- Spencer, Mark
- History - WW1
- RAN Ships
- HMAS AE2
- September 1999 edition of the Naval Historical Review (all rights reserved)
For 83 years, the AE2 lay on the soft mud floor of the Marmara largely forgotten.
Her epic story and her likely impact on the perpetuation of the Gallipoli fighting has never really been appreciated by the Australian public, who mostly were not even aware of submarines’ existence in the First World War. Australian Ambassador in Ankara, David Evans, was well aware of the AE2 however, and suggested to underwater explorer Selçuk Kolay, director of both the Rahmi Koç Museum in Istanbul and the Rahmi Koç Cultural Foundation, that he search for the AE2. Mr Kolay, using sophisticated sonar and magnetometric apparatus, had been successful in the location of other wartime wrecks of significance in and around Turkey.
Mr Kolay took on this assignment, and in 1996, located a wreck at a depth of 86 metres strongly suspected of being the AE2. A group of Australian divers and maritime archaeologists led by underwater explorer and part-time dentist Mark Spencer from Sydney investigated the wreck later in 1997. Their expedition was supported by Turkish Airlines and the Royal Australian Navy and also had the blessing of the Turkish Ministry of Culture. The wreck, much to the surprise of the joint Australian/Turkish team, turned out to be an old steam ship which had collapsed in such a way that she deceived everyone into thinking that she was a submarine wreck.
Selçuk Kolay continued his search, and in June 1998, was rewarded with a sonar image of a wreck at 72 metres depth that did indeed fit that of an early E-Class submarine. Aware of possible scepticism from the ‘land down-under’, he sent a short video tape to Mark Spencer back in Sydney of his dive on the wreck in company with fellow Turkish divers Kaya Yanar and Levent Yüksel. It was fairly conclusive evidence that the wreck was indeed the AE2.
Dr Spencer again organised his team and returned to Istanbul in late September that year. With the support of the Rahmi Koç Museum’s considerable resources, the joint Turkish and Australian expedition to further document and inspect the AE2 brought back irrefutable evidence of its identity. Subsequent media interest in Australia reminded the public of the significant role played by their navy in the legendary Gallipoli Campaign. Similar media interest in Turkey and even larger Europe reminded people of the potent capability of the early submarines and the fact that the AE2 was the first enemy craft in five hundred years to successfully transit the Dardanelles Strait.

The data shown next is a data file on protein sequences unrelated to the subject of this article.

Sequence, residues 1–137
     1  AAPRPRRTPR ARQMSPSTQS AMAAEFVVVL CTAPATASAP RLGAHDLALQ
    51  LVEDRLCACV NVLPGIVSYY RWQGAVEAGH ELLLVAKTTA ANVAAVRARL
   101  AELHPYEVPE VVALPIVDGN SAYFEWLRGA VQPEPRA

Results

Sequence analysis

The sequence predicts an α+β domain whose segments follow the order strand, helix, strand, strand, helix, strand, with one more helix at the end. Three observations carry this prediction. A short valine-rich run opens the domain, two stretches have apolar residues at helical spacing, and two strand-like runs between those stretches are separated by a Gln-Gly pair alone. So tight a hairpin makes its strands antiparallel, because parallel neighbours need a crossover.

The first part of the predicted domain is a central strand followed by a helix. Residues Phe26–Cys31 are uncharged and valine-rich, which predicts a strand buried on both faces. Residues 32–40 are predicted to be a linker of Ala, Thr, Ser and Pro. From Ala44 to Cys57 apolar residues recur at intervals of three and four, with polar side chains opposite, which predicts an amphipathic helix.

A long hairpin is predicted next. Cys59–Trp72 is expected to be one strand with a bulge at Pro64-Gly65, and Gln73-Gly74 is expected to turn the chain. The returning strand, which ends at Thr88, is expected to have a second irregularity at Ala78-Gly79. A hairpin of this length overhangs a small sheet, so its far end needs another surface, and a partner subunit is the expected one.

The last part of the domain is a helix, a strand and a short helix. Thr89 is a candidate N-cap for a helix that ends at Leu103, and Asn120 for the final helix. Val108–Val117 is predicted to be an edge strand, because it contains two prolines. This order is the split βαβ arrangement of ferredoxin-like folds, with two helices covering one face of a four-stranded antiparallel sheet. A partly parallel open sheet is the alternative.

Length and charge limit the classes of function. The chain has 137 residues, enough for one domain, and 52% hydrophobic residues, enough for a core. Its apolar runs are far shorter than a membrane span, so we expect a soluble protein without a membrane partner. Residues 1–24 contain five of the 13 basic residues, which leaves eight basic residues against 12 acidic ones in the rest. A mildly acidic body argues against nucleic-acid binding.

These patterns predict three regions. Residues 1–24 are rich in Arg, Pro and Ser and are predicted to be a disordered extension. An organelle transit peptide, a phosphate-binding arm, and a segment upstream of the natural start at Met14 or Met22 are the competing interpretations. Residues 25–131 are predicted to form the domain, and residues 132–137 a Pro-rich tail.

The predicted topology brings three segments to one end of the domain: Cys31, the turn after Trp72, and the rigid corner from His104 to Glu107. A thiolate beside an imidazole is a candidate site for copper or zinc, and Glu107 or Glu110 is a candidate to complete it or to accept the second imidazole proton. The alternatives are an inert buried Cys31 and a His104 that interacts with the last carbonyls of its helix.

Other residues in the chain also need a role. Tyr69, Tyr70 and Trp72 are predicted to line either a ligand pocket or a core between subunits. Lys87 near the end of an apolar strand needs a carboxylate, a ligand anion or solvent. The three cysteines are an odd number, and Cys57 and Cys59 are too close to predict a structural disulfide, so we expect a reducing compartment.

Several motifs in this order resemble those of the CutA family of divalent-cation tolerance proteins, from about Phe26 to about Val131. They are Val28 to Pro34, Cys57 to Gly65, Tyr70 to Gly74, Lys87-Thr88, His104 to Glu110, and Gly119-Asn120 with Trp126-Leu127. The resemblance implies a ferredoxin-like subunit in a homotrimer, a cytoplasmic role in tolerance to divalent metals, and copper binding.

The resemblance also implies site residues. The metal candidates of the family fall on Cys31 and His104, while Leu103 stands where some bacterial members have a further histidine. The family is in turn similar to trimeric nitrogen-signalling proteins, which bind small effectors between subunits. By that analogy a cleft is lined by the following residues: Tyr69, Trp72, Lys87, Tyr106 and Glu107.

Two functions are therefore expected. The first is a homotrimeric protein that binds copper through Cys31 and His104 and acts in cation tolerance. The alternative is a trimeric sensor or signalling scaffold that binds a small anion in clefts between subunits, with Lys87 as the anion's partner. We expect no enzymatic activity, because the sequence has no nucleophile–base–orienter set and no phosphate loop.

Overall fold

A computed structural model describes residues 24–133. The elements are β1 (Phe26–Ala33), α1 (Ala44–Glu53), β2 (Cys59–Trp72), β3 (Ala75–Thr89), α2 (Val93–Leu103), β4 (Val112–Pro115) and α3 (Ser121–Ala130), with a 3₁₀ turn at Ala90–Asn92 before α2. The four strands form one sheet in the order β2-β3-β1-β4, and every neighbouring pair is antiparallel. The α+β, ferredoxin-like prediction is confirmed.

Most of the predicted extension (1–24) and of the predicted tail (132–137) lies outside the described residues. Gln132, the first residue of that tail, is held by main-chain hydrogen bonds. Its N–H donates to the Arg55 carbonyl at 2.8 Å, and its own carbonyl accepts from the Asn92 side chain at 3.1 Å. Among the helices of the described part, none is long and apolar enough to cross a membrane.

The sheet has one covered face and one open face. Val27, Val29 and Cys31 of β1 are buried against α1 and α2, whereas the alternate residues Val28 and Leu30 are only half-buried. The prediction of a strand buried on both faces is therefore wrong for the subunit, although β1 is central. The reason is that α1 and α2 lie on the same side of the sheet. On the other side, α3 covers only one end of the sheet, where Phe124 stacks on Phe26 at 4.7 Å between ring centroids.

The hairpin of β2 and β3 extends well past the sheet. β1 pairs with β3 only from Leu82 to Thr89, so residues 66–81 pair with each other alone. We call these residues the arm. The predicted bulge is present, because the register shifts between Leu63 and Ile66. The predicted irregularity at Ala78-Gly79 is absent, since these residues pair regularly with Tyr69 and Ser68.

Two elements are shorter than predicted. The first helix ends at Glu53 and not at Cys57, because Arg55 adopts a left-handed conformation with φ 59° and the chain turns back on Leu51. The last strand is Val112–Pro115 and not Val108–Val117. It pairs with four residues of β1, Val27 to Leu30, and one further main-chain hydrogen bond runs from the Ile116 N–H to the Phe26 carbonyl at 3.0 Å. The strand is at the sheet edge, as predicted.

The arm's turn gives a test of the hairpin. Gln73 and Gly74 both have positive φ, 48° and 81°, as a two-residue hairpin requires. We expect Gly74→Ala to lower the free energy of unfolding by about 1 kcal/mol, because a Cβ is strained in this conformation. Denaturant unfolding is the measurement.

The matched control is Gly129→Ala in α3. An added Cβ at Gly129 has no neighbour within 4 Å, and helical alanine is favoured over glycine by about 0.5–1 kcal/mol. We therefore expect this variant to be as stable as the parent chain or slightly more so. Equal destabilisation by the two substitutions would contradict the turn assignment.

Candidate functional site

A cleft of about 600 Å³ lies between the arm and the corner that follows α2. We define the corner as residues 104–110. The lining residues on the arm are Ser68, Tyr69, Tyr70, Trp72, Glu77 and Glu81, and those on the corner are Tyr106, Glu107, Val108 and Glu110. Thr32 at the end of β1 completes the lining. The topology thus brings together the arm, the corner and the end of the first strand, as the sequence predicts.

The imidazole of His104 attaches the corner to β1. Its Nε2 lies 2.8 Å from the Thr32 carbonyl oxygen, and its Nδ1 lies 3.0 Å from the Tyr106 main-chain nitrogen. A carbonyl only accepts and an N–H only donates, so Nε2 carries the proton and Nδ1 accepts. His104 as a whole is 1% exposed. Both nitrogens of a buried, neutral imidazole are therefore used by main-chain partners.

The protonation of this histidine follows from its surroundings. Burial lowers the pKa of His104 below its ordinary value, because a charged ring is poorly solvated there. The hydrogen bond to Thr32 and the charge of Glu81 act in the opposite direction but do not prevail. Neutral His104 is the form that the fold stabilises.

The submarine wreck is remarkably intact, at least ostensibly. “Standing on the aft casing (deck) of the AE2 somehow brought me closer to the Anzacs at Gallipoli than I’d been before,” said Dr Spencer. “The submarine is more exposed above the soft mud bottom than we had expected”, he said. The divers used special mixtures of gases containing helium on the bottom and higher oxygen mixes for the decompressing nearer the surface. The depths are beyond safe and effective working conditions breathing normal air.
The Rahmi Koç Museum’s specially fitted-out research and salvage vessel MV Saros had a recompression chamber on board and the attendance of a well-qualified physician, Dr Akin Toklu, a specialist in hyperbaric medicine.
More work will need to be done in examining the AE2 on the bottom before any efforts are made to raise her, which is the intention of Mr Kolay. “Once brought back to the surface, it is going to be the only WWI E-class submarine on display anywhere in the world!” he says. Whatever becomes of the AE2, her role for the future should now be clearly defined. She was once an instrument of war, a symbol of conflict between two nations, that now have an amicable affinity towards each other. She should now be a symbol of that friendship and mutual co-operation so apparent at this time. Stoker and his crew would surely approve.